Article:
(Photo by Flickr user Felton Davis under a Creative Commons License)
Can changes to Delaware’s permit process make a significant impact on the state’s economic development? The Delaware Business Roundtable did an analysis, and found that the current permit process is holding Delaware back, making it less competitive and inhibiting development.
Brian DiSabatino, CEO of EDiS Company — whose construction projects over the years have included dozens of Delaware schools, medical facilities, office buildings, residences and the Rodney Square renovation — agrees, comparing an overhaul to the permit process to the Financial Center Development Act (aka the Financial Banking Services Act) on Twitter:
Could be the most significant development in advancing the future of Delaware since Pete duPont’s Financial Center Development Act. This is awesome! #NetDE #ChooseDelaware #readyin6 https://t.co/v2k4afyhrt
— Brian DiSabatino (@BrianDiSab) December 10, 2019
The analysis was commissioned by the Ready In 6 Coalition, comprised of Delaware Business Roundtable, Delaware State Chamber, Kent Economic Partnership, Greater Kent Committee, Sussex County Economic Development Action Team, ACEC Delaware, Committee of 100, Central Delaware Chamber, New Castle County Chamber, Delaware Contractors Association, Delaware Chapter of Associated Builders and Contractors and Home Builders Association of Delaware.
It included interviews with people involved with Delaware’s business permit review process, including state agencies and developers, and a review of the current guidelines, which were compared to other states in the region.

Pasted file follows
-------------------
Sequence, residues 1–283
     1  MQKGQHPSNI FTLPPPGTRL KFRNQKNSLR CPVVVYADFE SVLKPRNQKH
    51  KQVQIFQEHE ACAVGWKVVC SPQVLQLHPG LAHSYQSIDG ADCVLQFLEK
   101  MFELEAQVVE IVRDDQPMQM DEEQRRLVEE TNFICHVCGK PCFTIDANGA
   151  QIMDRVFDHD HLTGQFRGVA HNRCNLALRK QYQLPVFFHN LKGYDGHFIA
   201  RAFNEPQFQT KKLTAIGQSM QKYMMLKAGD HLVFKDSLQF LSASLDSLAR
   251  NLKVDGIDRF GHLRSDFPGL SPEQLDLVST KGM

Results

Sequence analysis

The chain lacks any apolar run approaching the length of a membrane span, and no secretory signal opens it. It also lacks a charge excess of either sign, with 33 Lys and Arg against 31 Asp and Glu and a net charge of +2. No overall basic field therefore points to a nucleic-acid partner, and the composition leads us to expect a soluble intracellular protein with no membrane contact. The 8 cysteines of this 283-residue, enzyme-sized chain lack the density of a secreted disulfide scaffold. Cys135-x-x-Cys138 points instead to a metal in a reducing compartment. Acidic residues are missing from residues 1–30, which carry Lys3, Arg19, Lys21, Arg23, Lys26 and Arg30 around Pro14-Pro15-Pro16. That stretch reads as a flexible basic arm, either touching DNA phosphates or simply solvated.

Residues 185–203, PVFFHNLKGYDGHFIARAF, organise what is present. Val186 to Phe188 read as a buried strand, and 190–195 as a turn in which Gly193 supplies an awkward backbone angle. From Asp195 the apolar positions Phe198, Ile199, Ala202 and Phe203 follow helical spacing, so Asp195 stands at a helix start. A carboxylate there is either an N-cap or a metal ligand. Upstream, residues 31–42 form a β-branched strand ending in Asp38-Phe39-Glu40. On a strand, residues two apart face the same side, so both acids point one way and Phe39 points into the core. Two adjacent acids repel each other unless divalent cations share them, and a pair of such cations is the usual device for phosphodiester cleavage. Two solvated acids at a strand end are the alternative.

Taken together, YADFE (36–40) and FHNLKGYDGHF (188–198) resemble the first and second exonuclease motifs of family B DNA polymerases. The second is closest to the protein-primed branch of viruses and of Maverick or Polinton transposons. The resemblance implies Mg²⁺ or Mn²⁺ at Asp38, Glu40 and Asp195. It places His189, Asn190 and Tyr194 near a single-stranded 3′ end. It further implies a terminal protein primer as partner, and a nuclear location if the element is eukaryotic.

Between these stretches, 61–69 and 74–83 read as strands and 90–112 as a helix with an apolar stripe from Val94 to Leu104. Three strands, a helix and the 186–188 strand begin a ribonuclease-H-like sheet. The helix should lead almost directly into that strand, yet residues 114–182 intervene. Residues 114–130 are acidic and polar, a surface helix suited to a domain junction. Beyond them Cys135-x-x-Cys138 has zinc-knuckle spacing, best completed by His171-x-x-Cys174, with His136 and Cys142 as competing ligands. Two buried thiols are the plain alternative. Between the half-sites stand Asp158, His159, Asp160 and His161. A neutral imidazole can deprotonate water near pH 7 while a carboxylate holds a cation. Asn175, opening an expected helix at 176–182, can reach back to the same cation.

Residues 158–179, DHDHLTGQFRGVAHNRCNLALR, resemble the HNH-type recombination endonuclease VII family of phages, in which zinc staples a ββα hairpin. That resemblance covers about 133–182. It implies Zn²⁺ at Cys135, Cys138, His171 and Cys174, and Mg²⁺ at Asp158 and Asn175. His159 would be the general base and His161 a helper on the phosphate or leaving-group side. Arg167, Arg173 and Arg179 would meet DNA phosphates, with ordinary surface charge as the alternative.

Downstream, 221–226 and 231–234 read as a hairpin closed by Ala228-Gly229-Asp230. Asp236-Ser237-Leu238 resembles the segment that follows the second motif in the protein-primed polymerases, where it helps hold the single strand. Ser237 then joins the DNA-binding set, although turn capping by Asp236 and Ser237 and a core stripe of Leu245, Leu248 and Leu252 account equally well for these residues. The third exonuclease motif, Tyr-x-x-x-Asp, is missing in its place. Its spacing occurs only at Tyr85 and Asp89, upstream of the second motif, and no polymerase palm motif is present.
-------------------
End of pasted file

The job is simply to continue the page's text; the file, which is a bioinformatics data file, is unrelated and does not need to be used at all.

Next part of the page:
In its introduction, the analysis says it found that “other states in the region, including Maryland and Pennsylvania, are able to achieve substantially faster permit approvals for businesses wishing to locate or expand in the state. As a result, Delaware is missing significant economic development opportunities in the competition for jobs, talent and investment.”
In Delaware, it found permits for building new structures and construction projects on existing structures that do not require rezoning can take 18 to 24 months — significantly longer than neighboring states. It also highlights permit expediting processes in other states, often via state-based liaisons helping to fast-track permits.
Without a similar system, the analysis found, Delaware is left at a disadvantage when it comes to maintaining and keeping growing businesses in the state, since more streamlined permit processes allow businesses and investors to more easily set timing parameters in their business plans.
The analysis also breaks down what is required and what agencies may be involved with securing permits for a project — information that may be useful for business owners looking to grow in Delaware, though if the recommendations are ultimately followed, the process will be faster in the future.-30-
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